Does smoking interfere with antibiotic drugs?
(Photo: Pexels)
Ask Your Pharmacist

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Question: Can I smoke while taking antibiotics?

Answer: We all know smoking is bad for our health, so we should not be doing it in the first place. However, some people find pleasure in smoking and are not able to appreciate the risks associated with this habit.

It takes about seven seconds after the first puff from a cigarette for the brain to start functioning irregularly. Nicotine packed blood is carried from the lungs all over the body and this alters the chemical substances in the body. Of course, people might report improved mood, focus and the feeling of being “high”. However, the chemicals suppress the body's immune system, making the smoker more prone to infections and causing the healing process to be slower. Even if the smoker is given antibiotics, the infection will still take longer to heal because the antibiotics will not receive sufficient aid from the body's immune system.

The immune system is the body's natural way to fight off infections and diseases. In fact, it is essential to our survival in a world filled with all kinds of dangerous pathogens (disease causing organisms). The immune system is made up of special organs, cells, and chemicals that fight infections. It is a complex system that acts like a database — it keeps a record of every infection that it has ever fought. If an infection enters the body again, the immune system pulls up the file on the infection and is able to quickly fight it off before it causes any significant harm. The immune system is always active, searching for foreign bodies to attack. When a foreign body is identified, the immune system launches a coordinated attack on the object. Depending on the type of foreign body or the intensity of the infection, the immune system may take different lengths of time to defeat it. But be assured, the immune system is a relentless army that is always on the battle field, fighting for our lives.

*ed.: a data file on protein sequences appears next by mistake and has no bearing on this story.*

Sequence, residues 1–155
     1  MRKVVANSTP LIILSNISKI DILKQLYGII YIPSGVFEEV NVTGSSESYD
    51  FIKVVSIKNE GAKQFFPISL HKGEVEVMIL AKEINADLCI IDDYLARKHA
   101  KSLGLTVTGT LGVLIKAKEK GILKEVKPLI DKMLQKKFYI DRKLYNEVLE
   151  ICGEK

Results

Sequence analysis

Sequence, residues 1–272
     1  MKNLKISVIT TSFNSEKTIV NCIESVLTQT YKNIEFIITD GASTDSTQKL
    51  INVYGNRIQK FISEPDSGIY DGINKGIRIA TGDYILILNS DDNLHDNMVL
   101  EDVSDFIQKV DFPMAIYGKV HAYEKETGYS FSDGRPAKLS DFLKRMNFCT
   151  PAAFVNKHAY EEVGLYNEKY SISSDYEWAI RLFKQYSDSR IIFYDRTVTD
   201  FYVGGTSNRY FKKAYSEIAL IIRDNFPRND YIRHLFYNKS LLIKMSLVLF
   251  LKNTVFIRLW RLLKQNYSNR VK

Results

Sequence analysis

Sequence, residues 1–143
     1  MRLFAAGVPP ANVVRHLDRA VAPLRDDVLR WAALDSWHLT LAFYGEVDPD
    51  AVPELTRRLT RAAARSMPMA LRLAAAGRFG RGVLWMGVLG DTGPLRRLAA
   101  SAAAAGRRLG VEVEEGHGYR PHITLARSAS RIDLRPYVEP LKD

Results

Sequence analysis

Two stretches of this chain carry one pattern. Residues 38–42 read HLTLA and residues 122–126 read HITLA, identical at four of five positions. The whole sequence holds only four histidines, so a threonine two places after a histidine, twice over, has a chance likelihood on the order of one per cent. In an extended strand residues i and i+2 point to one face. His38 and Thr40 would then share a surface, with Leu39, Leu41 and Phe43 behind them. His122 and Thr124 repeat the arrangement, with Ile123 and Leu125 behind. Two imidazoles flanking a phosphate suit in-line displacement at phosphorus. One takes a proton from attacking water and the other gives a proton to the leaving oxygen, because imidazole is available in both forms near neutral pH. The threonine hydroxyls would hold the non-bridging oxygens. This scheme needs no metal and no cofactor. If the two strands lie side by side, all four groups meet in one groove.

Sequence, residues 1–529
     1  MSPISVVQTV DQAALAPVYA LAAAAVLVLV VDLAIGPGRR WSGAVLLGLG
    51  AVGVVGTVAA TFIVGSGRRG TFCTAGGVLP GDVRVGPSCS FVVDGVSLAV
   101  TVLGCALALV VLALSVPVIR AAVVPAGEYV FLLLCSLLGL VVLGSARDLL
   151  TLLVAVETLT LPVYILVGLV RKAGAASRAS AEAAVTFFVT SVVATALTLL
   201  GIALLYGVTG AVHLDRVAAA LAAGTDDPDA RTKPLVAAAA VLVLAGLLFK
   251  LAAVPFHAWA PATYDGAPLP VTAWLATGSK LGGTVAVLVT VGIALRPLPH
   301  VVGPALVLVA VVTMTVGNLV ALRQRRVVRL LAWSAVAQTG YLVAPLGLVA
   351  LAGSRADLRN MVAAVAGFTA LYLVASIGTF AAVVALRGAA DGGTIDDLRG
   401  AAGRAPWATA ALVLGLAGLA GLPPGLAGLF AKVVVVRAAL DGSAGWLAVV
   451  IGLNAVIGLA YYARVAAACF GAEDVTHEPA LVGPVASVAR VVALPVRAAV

When the immune system is not working properly, diseases are able to progress. One of the known factors that prevents the immune system from functioning properly is cigarette smoke. When we smoke, we are undermining the integrity of the hard-working cells in the immune system. Smoking slows down the immune response and makes it less effective in combating diseases that seek to upend our lives. Hence, it is not beneficial for us to smoke, as this leaves us prone to infections.

Having said all that, there is really no evidence to show that smoking directly interferes with antibiotic drugs. Smoking interferes with the body's immune response and by virtue of that, makes the antibiotic drugs less effective. Smoking slows down the recovery process, so one might think that the antibiotic is not working effectively. The fact, though, is that the antibiotics are not getting the requisite help from the body's immune system to help fight off the infection.

In order for antibiotic medications to work with maximum effectiveness, smokers should stop smoking at least for the duration of the therapy. Better yet, try to quit the habit overall so you can have a fully functioning immune system all the time.

Novia Jerry Stewart, MSc, RPh, is a pharmacist who specialises in ophthalmic care. She may be contacted at novia_jerry@yahoo.com.

(Photo: Pixabay)
Novia Jerry Stewart
Novia Jerry Stewart

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